The Senate Budget harms healthcare

Health Access California opposes the Senate Budget Proposal considered the morning of August 29th, 2008, which would significantly harm health care in California, now and in the future.

Here’s the health impacts of the Senate Budget Proposal:

* The proposal includes all the cuts agreed to by the Budget Conference Committee (AB1781). In health care, those cuts include more onerous reporting requirement for children’s coverage through Medi-Cal, and an increase in Healthy Families premiums, among other reductions. This is expected to deny coverage to over 250,000 children over the next three years.

* The Senate Budget Proposal includes even deeper cuts in health care and other vital services. In health care, this includes a delay in restoring the Medi-Cal provider rates until March of 2009. The Legislature and Governor made 10% cuts to provider rates earlier this year, but proposed to restore them. This would make additional hundreds of millions of dollars of cuts to California’s health care providers by delaying that restoration. (This is assuming, of course, that the State is successful in its appeal of a court decision that struck down the cut.)

* The budget relies on a *temporary* 1-cent sales tax, a revenue stream that will expire in three years. Since California’s health care needs are expected to grow, not shrink, in three years, this would likely force a budget crisis and additional cuts at that time in three years. At best, this only delays the inevitable decision to either revenues or make cuts permanently.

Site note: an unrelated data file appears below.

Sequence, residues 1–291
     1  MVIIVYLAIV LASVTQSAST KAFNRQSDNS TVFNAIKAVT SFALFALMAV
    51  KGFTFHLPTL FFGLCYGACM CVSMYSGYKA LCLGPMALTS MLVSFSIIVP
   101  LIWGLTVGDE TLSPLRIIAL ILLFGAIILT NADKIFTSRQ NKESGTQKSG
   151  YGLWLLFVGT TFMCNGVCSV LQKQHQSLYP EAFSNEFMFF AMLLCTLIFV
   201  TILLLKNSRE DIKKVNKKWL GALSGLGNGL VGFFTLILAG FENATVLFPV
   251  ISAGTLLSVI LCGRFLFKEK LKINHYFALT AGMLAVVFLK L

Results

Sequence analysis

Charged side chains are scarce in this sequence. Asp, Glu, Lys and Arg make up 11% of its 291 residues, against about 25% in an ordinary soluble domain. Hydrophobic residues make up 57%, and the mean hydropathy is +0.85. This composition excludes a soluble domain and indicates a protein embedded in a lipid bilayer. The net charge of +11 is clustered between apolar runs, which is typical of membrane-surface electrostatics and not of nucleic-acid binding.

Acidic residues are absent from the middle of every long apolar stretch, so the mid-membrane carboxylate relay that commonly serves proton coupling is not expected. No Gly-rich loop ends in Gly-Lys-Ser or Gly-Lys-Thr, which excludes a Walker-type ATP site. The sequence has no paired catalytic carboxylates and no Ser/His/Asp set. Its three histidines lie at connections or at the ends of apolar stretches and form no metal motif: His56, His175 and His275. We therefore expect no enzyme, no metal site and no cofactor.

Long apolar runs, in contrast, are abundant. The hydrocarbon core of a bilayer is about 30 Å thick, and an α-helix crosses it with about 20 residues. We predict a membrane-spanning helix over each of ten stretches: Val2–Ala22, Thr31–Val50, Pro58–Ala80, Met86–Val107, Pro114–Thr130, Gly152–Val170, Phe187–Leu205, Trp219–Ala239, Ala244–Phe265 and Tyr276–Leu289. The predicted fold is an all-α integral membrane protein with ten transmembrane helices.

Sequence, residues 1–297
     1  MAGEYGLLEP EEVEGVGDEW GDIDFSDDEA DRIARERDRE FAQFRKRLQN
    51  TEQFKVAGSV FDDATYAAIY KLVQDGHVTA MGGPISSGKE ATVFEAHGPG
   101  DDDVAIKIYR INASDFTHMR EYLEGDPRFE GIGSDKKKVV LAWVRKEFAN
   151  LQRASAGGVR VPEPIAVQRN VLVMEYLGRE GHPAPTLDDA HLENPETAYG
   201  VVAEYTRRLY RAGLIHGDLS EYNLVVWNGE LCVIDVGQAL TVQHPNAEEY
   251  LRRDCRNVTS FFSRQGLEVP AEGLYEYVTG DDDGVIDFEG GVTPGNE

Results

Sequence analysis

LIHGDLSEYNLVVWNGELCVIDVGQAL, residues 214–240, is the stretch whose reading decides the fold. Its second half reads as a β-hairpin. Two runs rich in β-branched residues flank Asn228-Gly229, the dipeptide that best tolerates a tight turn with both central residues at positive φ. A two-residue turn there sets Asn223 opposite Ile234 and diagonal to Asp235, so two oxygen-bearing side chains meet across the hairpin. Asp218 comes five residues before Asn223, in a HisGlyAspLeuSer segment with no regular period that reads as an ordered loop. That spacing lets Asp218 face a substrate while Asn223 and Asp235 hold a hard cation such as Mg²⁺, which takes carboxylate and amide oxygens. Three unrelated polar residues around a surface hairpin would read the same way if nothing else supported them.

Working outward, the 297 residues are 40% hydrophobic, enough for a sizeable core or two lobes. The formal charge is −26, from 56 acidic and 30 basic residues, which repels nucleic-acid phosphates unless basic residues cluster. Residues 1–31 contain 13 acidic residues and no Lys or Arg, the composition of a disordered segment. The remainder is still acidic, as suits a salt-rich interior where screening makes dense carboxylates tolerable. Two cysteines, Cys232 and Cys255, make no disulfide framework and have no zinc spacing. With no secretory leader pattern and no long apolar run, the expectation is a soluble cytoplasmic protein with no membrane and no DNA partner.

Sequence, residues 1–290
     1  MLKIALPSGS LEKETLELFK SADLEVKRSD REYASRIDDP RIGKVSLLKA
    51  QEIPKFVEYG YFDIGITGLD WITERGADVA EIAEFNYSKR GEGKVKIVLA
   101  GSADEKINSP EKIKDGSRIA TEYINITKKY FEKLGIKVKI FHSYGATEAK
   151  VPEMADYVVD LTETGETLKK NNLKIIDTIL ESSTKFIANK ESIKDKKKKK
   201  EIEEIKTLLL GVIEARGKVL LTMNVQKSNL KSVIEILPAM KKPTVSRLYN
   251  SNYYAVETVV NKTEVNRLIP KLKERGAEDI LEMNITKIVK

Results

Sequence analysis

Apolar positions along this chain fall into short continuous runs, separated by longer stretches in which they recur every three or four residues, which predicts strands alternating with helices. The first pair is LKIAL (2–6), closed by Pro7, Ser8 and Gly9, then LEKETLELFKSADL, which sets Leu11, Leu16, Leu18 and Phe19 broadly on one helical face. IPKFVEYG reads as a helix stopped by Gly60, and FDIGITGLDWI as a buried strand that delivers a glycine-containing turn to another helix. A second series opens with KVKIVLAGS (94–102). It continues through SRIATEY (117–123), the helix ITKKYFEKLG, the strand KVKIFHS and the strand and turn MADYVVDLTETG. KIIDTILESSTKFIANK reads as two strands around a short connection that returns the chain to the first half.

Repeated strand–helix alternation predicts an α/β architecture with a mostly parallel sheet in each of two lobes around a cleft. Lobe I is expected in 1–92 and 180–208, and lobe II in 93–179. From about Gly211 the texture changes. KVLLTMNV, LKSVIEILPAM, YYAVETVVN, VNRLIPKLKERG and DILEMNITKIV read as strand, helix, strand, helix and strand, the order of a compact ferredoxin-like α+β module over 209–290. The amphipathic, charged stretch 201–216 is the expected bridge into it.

* Most concerning in the long view, the proposal makes permanent, problematic changes to the state’s budget process in exchange for a temporary tax increase that would leave the state facing significant budget shortfalls in 2011-12, if not sooner, and beyond.

— The so-called “reserve” that functions as a spending cap that would drain money away from health care, education, and other vital services, locking in inadequate funding levels–California is 51st in the nation in per-patient Medicaid spending—and as health costs rise, forcing additional cuts in the future, especially to health and human services.

— In particular, the proposal would give the Governor unprecedented power to make unilateral cuts mid-way through the budget year. This and future governors would be given sweeping power to cut payments to families and children, payments to providers of state-funded services, higher education, and other programs based on estimates prepared by the governor’s appointees.

Health Access California promotes quality, affordable health care for all Californians.

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